In 1963 the Equal Pay Act was passed with the noble intention of eliminating pay inequality by making it illegal to pay men and women unequally for equal work. Although an initial step in the right direction, over fifty years have passed, and America still struggles with the gender pay gap.
According to a study done by the National Women’s Law Center, women still earn on average $0.17 less per dollar than their male counterparts. This gap grows if the women are mothers to about $0.29 less per dollar, and the Institute for Women’s Policy Research places the disparity in an abysmal range of $0.37 to $0.46 less per dollar if the woman is a minority. It is clear to all those studying the issue that the Equal Pay Act has failed to achieve its goal.
One of the most often cited reasons for its failure is a loophole found in the text of the Equal Pay Act itself. The Act outlaws paying unequal wages for equal work except in four circumstances, which may be raised by the employer as affirmative defenses. Employers may pay unequal wages for equal work when there is (1) a bona fide seniority system, (2) a bona fide merit system, (3) a system measuring earnings by quantity or quality of production, or (4) any other factor other than sex. It is the last exception, “any other factor other than sex,” which is being exploited as a pretext for gender wage discrimination.
Employers claim that using salary history to craft offers to potential new hires is one of these allowable factors other than sex, and some courts have upheld that reasoning. Other courts have decided that salary history based offers fall squarely into the type of discrimination the Equal Pay Act was meant to prevent and is merely a pretext for gender pay discrimination. Americans are becoming increasingly aware, however, that using salary history to craft future offers is problematic if women are currently being paid less than their male counterparts for the same work, in which case, a future wage based on previous underpayment serves to perpetuate the gender pay gap.
A bill to address the issue waits for U.S. Senate approval after having passed the House for the second time since its first iteration in 1997 when Rep. Rosa DeLauro (D) introduced it. As Congress hems and haws over the bill, dubbed the Paycheck Fairness Act, and as the Circuit Courts remain split on whether salary history is “any other factor other than sex,” states and cities are taking action. They are enacting legislation to ban questions about applicants’ salary histories, thereby narrowing the loophole exception in the Equal Pay Act.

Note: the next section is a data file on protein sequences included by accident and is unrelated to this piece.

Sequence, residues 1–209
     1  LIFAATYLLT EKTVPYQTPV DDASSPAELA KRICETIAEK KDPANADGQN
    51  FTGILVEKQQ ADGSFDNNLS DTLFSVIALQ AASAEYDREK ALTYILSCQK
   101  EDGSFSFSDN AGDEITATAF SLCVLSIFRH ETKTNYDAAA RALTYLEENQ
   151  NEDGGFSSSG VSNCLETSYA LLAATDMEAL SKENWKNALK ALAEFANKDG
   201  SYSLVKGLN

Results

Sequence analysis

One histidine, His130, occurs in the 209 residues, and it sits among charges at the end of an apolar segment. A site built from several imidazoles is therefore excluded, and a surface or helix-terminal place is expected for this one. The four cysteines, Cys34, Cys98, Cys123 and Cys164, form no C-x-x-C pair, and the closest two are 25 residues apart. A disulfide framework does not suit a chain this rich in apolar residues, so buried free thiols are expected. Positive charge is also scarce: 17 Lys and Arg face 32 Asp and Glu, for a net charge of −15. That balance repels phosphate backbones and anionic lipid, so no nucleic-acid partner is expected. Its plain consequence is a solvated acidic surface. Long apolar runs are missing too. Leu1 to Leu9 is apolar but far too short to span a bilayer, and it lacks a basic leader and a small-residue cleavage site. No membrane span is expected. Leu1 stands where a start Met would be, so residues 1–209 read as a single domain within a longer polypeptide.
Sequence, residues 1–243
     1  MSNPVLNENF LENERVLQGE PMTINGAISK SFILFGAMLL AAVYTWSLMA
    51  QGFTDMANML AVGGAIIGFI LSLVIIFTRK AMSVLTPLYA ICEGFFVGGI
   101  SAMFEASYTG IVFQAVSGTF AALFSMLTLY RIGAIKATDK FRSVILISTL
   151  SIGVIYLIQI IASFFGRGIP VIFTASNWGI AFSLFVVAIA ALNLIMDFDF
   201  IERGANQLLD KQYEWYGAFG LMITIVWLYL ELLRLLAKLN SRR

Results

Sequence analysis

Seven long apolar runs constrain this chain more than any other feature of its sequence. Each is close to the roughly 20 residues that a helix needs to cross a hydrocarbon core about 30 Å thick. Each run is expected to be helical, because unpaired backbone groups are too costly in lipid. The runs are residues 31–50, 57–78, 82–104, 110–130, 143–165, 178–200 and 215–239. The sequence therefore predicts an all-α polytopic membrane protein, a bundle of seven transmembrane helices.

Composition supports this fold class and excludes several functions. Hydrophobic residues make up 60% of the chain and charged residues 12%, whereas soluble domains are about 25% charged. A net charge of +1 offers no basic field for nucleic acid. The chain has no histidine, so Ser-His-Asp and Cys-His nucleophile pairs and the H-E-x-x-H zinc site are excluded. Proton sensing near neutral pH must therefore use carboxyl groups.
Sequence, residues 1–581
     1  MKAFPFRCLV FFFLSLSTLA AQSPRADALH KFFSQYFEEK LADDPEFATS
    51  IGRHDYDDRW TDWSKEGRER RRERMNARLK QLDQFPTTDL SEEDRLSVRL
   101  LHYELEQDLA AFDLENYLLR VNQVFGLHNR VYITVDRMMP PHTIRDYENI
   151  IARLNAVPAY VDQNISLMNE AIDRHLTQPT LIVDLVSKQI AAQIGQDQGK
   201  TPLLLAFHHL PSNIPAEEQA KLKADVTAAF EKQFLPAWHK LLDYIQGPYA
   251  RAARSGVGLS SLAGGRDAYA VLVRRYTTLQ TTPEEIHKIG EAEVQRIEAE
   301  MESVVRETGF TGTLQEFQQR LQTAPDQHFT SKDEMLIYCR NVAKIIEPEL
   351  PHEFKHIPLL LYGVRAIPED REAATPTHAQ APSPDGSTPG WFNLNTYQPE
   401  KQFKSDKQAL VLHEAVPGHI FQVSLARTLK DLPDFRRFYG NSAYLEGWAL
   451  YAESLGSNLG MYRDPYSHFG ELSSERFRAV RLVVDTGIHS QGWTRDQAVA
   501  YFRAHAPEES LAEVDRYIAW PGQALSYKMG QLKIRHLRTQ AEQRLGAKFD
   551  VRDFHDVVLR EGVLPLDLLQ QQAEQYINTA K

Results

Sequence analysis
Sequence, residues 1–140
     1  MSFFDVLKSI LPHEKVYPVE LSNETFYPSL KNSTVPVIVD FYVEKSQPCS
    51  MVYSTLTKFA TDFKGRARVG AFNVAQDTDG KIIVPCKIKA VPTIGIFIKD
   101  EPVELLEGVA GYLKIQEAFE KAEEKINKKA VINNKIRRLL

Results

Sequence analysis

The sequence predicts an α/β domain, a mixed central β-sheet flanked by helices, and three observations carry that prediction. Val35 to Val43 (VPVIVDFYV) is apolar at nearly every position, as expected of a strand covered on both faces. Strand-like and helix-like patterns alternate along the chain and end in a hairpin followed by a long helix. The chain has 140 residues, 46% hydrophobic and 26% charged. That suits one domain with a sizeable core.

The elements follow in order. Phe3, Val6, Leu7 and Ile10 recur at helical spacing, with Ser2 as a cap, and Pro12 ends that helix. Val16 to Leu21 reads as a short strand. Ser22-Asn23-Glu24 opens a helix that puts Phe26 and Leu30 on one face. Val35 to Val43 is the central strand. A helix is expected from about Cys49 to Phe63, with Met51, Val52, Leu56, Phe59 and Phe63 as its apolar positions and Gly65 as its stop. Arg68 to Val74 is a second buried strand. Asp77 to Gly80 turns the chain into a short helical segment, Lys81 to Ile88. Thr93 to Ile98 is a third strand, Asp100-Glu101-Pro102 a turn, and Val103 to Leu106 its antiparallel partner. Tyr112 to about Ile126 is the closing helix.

There are presently 16 state-wide bans on using salary history in the hiring process and 13 local bans. Philadelphia is one of the local bans, with its law prohibiting employers from asking job applicants to disclose their salary histories or from relying on salary history to set wages if the applicant voluntarily provides the information. Philadelphia’s Chamber of Commerce has challenged the ban, and the case has made its way up to the Third Circuit Court of Appeals. Argued on March 15, 2019, the parties await a decision. Other cities and states around the rest of the country are awaiting the decision as well to see how a challenge on their own salary history bans, proposed or enacted, might play out. Pennsylvania suddenly has a substantial voice in the recent nationwide discussions of gender pay inequality.
These states and cities sometimes expressly cite to Equal Pay Act inadequacies in the purpose clauses of their salary history bans, recognizing the need for action. A few states cannot achieve overall equality on their own, however, and with such a variety of interpretations of the Equal Pay Act loophole, the time is ripe for either a Supreme Court decision or Congressional action to clarify the matter. In the wake of the #metoo movement, the gender pay equality effort has gained awareness and momentum. Regardless of how the Third Circuit decides Philadelphia’s ban, Congressional action is being urged by a number of advocacy groups, including the American Bar Association.
Unfortunately, salary history is not the only reason the gender pay gap still exists. Other factors, such as pay secrecy policies which work to keep the disparities between men’s and women’s salaries under wraps, work against pay equality. There are also the stigmas that come with women engaging in aggressive salary negotiations being seen as “too masculine,” an unattractive trait to those who expect women to act more traditionally “like ladies.” This leads to a “damned if you do, damned if you don’t,” scenario where women who advocate for higher salaries end up perceived negatively, and women who never ask for more money never receive it. Additionally, women are still sacrificing more hours than men for family obligations. And bafflingly, the more educated the woman, the higher the gender pay gap. One study from americanprogress.org found that the gap widens as graduates come from increasingly elite schools, and another from Georgetown found that women need one more degree than men to earn the same average salary.
Despite the overwhelming statistics, there is still pushback against these salary history bans. Some claim that businesses will be hurt by the initiative. Others say that it will lead to lowball offers for both genders for want of a reference point. Until the Supreme Court or Congress has spoken, however, all eyes are on Philadelphia.